At the start of any relationship, there are love letters, there are fireworks, and birds singing.
In 2008, we celebrated our 10th anniversary by buying one another the traditional gift of “tin”.
The reason we had to cash in our life savings and take out a half-million dollar mortgage was because the “tin” happened to be the roof of a barn that just so happened to be sitting next to a 200-year-old farmhouse and 60 acres of land.
By the end of 2008 (and the beginning of the Great Recession) we had both lost our jobs and were on the verge of losing it all.
Over the holidays that year, we made a pact that whomever found a job in the city first would take it (and hold onto it) while the other remained at the farm and tried to make a go. Thus began the “year of sacrifice” that was captured in Season 1 of The Fabulous Beekman Boys. It was, undoubtedly, one of the most stressful, contentious years of our lives.
In the blink of an eye, one year of sacrifice stretched into five.
As Beekman 1802 grew, we found the need to hire staff but still unable to wean ourselves from a steady city paycheck and corporate health benefits.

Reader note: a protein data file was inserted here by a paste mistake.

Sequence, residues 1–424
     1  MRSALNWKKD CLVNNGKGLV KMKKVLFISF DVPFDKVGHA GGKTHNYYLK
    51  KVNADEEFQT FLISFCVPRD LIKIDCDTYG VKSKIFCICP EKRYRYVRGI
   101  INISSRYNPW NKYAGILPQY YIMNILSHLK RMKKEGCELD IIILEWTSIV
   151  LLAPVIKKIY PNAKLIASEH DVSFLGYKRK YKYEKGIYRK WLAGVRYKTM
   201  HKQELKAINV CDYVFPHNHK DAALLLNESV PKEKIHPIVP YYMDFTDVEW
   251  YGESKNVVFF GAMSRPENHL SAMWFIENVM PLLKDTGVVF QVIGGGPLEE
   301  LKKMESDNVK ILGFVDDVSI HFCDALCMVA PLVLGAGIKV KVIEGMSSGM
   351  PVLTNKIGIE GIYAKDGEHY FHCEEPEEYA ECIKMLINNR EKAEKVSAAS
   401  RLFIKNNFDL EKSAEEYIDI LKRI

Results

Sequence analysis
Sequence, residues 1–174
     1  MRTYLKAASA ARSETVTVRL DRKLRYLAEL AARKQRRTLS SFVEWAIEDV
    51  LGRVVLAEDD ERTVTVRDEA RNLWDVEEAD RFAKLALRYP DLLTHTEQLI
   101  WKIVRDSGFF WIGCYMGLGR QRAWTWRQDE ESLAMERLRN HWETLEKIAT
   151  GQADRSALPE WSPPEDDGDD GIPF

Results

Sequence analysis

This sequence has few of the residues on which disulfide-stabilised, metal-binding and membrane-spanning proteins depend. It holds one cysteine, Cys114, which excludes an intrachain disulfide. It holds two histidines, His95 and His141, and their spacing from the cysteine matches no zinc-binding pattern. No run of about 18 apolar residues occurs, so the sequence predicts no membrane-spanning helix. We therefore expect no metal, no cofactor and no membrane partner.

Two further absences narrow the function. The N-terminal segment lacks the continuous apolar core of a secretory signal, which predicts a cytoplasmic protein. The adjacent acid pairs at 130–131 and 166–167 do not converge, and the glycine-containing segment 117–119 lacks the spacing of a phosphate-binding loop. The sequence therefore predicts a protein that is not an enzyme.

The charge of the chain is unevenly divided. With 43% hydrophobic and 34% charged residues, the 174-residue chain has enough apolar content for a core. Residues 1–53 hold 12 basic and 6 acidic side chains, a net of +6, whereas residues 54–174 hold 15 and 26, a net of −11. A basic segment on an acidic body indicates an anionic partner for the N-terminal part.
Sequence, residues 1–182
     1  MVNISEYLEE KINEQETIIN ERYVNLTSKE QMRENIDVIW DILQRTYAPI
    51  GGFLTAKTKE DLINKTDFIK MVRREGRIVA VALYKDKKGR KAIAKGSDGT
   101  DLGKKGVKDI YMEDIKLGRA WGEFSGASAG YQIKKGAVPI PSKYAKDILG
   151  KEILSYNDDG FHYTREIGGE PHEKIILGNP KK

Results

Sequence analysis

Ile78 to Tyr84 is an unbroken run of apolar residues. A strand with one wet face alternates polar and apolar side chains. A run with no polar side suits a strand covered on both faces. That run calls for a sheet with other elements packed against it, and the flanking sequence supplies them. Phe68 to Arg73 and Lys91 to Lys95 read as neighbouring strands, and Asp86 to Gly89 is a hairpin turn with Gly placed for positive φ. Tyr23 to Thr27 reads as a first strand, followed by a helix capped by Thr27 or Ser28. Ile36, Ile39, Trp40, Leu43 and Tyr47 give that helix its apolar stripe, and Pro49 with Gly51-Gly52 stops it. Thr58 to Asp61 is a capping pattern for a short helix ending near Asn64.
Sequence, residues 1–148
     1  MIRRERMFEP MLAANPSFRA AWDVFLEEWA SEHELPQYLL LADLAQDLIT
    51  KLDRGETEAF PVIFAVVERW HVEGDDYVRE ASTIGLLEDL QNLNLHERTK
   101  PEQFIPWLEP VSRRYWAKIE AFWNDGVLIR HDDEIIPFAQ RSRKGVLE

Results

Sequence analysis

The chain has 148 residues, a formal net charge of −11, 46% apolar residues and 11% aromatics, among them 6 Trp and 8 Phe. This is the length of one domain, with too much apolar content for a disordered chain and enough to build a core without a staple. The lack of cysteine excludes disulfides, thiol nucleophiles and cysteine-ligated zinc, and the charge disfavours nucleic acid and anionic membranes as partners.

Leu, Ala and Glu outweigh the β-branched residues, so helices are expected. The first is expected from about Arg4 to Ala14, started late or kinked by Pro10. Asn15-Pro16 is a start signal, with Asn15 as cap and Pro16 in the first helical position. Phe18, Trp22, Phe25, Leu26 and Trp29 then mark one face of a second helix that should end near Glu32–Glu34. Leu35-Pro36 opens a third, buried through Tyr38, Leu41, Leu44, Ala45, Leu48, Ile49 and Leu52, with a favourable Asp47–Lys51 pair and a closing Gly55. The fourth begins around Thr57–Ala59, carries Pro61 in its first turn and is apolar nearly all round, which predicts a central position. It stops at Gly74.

But were they really beneficial?
Five years apart taught us each how to fend for ourselves in different ways. While one of us forged a path in a brave new wilderness, the other learned to re-navigate an urban one solo.
While it is true that absence makes the heart grow fonder, it also makes one accustomed to setting one’s on schedule, having the entire bed to one’s self, and never having to wait for the bathroom or the shower.
There is comfort and simplicity in solitude.
But strength in numbers.
Thanks to an “Amazing” year, we are now reunited. We’re living at the farm and finally, since the inception of Beekman 1802, working full-time together to turn our vision and passion into a successful and sustainable business.
There will be love letters, and seedlings and picnics and fireworks and harvests and scary masks, and feasts and mistletoe and snow and icicles and…birds singing.
And I am reminded of the words of another witty writer who once was seduced by the charms of Sharon Springs, too:
If you are not too long, I will wait for you all my life—Oscar Wilde